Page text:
I interviewed the Akita Northern Happinets' SG  Shigehiro Taguchi (the

2016-17 B League All Star 3-Point Contest Champion).  (The article can be

found here: )

Akita's games are intense.  The catalyst for that appears to be the fire

within him that gets spreads \all around.  He has good looks.  He is well

spoken.  He has good body language.  He is the man who carries his

hometown of Akita on his back.

He says he can tell the difference between the crowd reaction of his home

Akita and the away crowds.  In basketball, the Akita fans all watch the

game with a discerning eye.  What types of plays do they clap and cheer

for?  When they play good defense, for example.  Or when they get a good

rebound.  When they dive for a loose ball.  When their play displays a

recognition of the flow of the game.  Athletes can get a tough schooling

by playing in front of fans who possess a really good understanding of

what types of plays are important in basketball because of their ample

experience watching games.  This probably also influences the basketball

kids who are watching and growing in this arena's atmosphere.

"Basketball as part of our culture".  That's what people connected to

basketball hope for.  I believe that type of culture happens when more and

more people have a common understanding of what is valuable, what to

applaud.  In Japan, Akita is a prefecture with one of the deepest

basketball cultures.

As the B Leagus starts, and as different teams and their cities get more

experience, nothing would make me happier than to see basketball culture

grow and spread across Japan.

As the franchise player of his hometown, Akita, Taguchi feels both a sense

of satisfaction and pressure.  As the captain, it's not just about his own

performance, but his sphere also encompasses his teammates as well as the

boosters.  The Akita Northern Happinets are about winning with everyone.

That's one reason why the fans keep coming to the arena, even though the

stars of winning haven't been shining on them this season.

He played baseball until middle school.  In 9th grade, he suddenly grew

from 165 cm tall to 178 cm.  He went from being a little wide to being

skinny and stretched up on his axis.  He started playing basketball

seriously at Meiokoto High School (previously Akita Keiho Daifu).  He

played center.  As a senior, he played against the powerhouse Noshiro

Technical High School for the Akita regional championship.  They lost, but

he scored 29 points.

Taguchi's style is to find and overcome rivals that are within his reach,

one by one.  Even if he can't yet make it to the top, he sets his sights

on opponents he thinks he can have a chance against if he puts in the

effort.  He slowly made his way to the top by repeating that over and

over.  There was no shortcut.

He became a shooter after he turned pro.  He committed himself to use

shooting as his weapon to survive in the world.

He gives thanks to Kazuo Nakamura, his first head coach as a pro.  "I

think he thought of me as an amateur."  He was the most angry.  And

depressed.  But, he also scolded me "You practice so much.  Why can't you

shoot?"  Only now can he appreciate the love and trust of his coach.

When asked about his current HC, Hasegawa, he talked about howe he was

very adamant about wanting to keep playing when he was injured.  At the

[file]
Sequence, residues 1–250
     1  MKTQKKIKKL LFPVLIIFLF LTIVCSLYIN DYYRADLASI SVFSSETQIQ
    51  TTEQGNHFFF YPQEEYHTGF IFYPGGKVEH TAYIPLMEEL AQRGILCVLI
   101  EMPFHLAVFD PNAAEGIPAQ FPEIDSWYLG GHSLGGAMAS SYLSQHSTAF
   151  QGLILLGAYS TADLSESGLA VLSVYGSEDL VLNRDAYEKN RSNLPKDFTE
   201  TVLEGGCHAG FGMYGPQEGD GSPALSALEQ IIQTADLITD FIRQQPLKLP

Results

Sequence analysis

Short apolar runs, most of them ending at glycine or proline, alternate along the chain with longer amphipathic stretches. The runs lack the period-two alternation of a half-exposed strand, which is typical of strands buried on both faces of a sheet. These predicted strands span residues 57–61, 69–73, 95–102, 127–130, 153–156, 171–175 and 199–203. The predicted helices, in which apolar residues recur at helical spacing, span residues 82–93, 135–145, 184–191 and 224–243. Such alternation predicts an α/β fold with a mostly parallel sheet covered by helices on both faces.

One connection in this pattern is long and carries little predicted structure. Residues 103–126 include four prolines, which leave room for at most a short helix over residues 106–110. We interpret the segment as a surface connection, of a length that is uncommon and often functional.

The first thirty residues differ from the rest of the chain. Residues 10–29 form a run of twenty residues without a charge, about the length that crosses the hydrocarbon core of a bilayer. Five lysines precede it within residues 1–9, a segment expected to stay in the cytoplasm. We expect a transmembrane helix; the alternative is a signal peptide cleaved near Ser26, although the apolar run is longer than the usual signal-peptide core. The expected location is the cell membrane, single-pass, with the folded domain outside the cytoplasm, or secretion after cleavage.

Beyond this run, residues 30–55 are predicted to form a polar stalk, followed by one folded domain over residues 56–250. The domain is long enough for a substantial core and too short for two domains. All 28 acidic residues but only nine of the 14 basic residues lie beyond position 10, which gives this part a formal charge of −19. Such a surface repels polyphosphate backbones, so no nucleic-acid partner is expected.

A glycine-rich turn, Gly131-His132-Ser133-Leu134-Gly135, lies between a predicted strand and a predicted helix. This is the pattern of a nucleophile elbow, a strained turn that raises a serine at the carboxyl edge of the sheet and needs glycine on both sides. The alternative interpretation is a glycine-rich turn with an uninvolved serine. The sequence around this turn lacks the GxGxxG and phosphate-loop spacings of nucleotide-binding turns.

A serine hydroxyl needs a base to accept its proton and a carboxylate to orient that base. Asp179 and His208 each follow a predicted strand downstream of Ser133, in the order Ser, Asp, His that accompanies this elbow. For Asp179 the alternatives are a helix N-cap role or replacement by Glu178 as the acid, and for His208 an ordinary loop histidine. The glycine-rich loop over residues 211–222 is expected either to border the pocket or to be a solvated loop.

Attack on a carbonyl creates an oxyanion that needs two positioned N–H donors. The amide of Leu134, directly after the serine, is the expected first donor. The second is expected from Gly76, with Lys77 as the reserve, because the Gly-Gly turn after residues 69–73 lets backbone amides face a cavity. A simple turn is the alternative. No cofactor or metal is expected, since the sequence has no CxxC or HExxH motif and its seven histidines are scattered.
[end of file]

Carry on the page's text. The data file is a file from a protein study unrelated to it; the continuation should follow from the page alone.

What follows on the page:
time, HC Hasegawa told him about his own experience.  Hasewaga said that

"there was a time when I was injured, and I forced myself to play and that

was a mistake.  So take take time to heal."

He also teaches what he found to be effective from his own experience

playing.  "Just try this out."  It sounds like Taguchi has been satisfied

with many of the things that HC Hasegawa has taught him based on his

experience.  On the other hand, HC Hasegawa had been one of the elite

players in his day, so he laughs that he was a bit afraid that Hasegawa

was able to do them because it was Hasegawa.

All Star 3-Point Contest Champion.  Taguchi was the 3-Point leader in the

BJ League for the last 2 years.  In the final round, he faced Kosuke

Kanamaru (SeaHorses Mikawa/currently the B Legus leading scorer), the

NBL's 3-Point leader for the last 2 years.  He was daunted by the

fantastic performance before him, but he was also excited and it fanned

the flickering flames of fiery competition within him.  It brought out the

best in him.  If he missed the shot, he lost.  If he made it he won.  With

his back to the wall, he sunk it beautifully, and turned the pinch he was

in into the best comeback ever.  And the 3 Point Champion screamed a

passionate "YEEAAAHHHHHH!"

When faced with voices that tell him he can't do something, he goes "just

watch me".  It almost feels like he's playing a game, taking down his

opponents one after another.  And then another opponent appears, and he's

told "that's impossible", "you can't win", and he puts more effort in as

he goes "I'll show you".  That's how he has scaled every wall in front of

him to get to where he is now.  There has been no shortcut for him to

take.  And that's how he will probably keep moving forward in the future.

He played baseball, not basketball in middle school.  He did not go to a

high school with a nationally known, strong program.  He did not graduate

from a a famous college in Kanto.  He fought against all the voices that

sought to put him into some sort of mystery box and arrived at where he is

today.  And there will probably always be voices who would shut him into a

"box".  That alone will fuel the fires within the pro basketball player

Shigehiro Taguchi.  He'll scream "YEEAAAHHHHHH" as he breaks out of their

little box.

It's too bad, but the boxes that have been readied for us to be shoved

into will always have the wrong name tags on them.


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